About the Center for Condensed Matter Research
The Center will support ongoing work at Hofstra on practical applications of physics such as photocells, more powerful computers, physics of the heart and various types of networks, including ecosystems. Condensed matter physics deals with the macroscopic physical properties of matter, particularly the "condensed" phases that appear whenever the number of constituents in a system is extremely large and the interactions between the constituents are strong. This includes quantum systems, classical physical systems, chemical systems, biological systems, and even networks.
“The Center will be a focus for research in condensed matter at Hofstra University, building on strong efforts by many faculty,” said Harold Hastings, Ph.D., chair of Physics and Astronomy and director of the new center. “The Center will support nationally known visitors, Hofstra students, and Hofstra faculty. The Center will help strengthen physics research and research training of students at Hofstra, building upon a strong recent past towards an even stronger future.”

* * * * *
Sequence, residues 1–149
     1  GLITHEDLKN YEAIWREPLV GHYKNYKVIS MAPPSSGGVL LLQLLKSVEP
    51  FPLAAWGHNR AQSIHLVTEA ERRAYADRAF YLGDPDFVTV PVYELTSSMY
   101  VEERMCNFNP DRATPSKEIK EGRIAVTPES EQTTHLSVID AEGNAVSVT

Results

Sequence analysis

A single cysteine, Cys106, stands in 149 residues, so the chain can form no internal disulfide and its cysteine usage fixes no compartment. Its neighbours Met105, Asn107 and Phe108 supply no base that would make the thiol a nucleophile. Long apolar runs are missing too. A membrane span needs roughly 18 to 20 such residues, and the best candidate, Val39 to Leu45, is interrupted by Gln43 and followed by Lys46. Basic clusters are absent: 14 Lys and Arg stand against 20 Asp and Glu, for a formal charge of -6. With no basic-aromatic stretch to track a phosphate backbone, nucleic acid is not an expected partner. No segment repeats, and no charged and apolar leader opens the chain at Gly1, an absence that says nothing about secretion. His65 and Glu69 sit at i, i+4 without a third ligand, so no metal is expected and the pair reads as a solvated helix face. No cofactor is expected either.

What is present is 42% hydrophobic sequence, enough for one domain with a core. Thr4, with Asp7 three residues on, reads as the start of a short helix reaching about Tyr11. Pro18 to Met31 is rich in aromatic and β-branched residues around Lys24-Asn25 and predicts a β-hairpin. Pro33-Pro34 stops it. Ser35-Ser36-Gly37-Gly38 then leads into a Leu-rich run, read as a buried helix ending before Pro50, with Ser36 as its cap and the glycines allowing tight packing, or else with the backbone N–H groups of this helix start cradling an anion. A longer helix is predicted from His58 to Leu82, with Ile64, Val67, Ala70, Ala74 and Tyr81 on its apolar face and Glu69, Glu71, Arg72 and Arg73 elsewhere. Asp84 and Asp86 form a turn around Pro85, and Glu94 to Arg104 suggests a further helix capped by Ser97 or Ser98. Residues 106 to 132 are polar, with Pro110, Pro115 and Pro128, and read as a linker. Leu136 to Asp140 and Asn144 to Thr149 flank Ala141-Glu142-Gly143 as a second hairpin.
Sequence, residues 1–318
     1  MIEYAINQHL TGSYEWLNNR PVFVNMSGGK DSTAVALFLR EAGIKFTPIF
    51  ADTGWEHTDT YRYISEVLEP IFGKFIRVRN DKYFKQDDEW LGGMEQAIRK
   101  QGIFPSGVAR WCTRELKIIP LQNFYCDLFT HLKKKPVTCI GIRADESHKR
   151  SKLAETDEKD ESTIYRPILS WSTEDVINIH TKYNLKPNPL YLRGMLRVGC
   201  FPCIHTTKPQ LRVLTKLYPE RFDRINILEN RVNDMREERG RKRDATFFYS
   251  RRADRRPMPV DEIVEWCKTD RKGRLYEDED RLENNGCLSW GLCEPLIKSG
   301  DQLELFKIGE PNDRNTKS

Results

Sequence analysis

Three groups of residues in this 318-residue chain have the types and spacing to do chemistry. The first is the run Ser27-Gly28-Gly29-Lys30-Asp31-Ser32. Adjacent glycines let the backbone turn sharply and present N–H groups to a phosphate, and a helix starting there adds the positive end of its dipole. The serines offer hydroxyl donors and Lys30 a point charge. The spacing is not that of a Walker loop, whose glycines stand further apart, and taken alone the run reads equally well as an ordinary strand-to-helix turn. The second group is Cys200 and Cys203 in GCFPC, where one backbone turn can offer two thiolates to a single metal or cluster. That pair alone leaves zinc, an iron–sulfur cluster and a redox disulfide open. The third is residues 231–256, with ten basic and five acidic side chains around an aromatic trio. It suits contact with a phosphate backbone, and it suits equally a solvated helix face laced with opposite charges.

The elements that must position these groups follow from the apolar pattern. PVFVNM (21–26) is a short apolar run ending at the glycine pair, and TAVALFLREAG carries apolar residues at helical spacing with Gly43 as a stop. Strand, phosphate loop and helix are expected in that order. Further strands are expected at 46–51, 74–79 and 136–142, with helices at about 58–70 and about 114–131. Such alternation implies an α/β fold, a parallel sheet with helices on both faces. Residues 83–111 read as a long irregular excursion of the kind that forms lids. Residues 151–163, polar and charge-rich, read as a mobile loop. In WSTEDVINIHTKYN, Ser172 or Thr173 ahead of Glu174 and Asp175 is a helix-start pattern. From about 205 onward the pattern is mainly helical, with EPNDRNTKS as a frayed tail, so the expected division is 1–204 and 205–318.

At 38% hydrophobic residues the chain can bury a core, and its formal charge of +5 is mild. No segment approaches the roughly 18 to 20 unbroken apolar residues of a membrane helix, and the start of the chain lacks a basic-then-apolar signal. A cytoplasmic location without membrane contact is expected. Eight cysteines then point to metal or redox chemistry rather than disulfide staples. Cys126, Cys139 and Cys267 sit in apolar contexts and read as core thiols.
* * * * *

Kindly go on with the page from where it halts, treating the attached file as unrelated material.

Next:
Among the work underway by faculty at Hofstra:
- Dr. Rohana Garuthara is working to develop a low cost, easily and safely manufactured photocell largely aimed at the developing world. The development of such a locally manufactured photocell could profoundly improve the lives of many people, while reducing the emission of greenhouse gases and thus reducing global worming.
- Drs. Sabrina Sobel and Hastings are studying chemical reactions which develop spontaneous oscillations, whose dynamics are a chemical analog for the dynamics of pacemaker cells in the heart.
- Dr. Hastings is studying the stability properties of large networks, with an aim towards better understanding failures in a diverse variety of networks ranging from ecosystems to the power grid.
- Drs. Gregory Levine and Maxim Marienko are studying a variety of properties of quantum systems related to a potential quantum computer. In principle, a quantum computer could be many times more powerful than existing computers.
The Center was established through a $525,000 congressional grant through the U.S. Department of Energy. U.S. Rep. Carolyn McCarthy (D-Mineola) played a key role in obtaining the funding for the Center. The grant will support research training for students who go on to become productive scientists and teachers, and will support for faculty, equipment and collaboration for the period 2008-2011.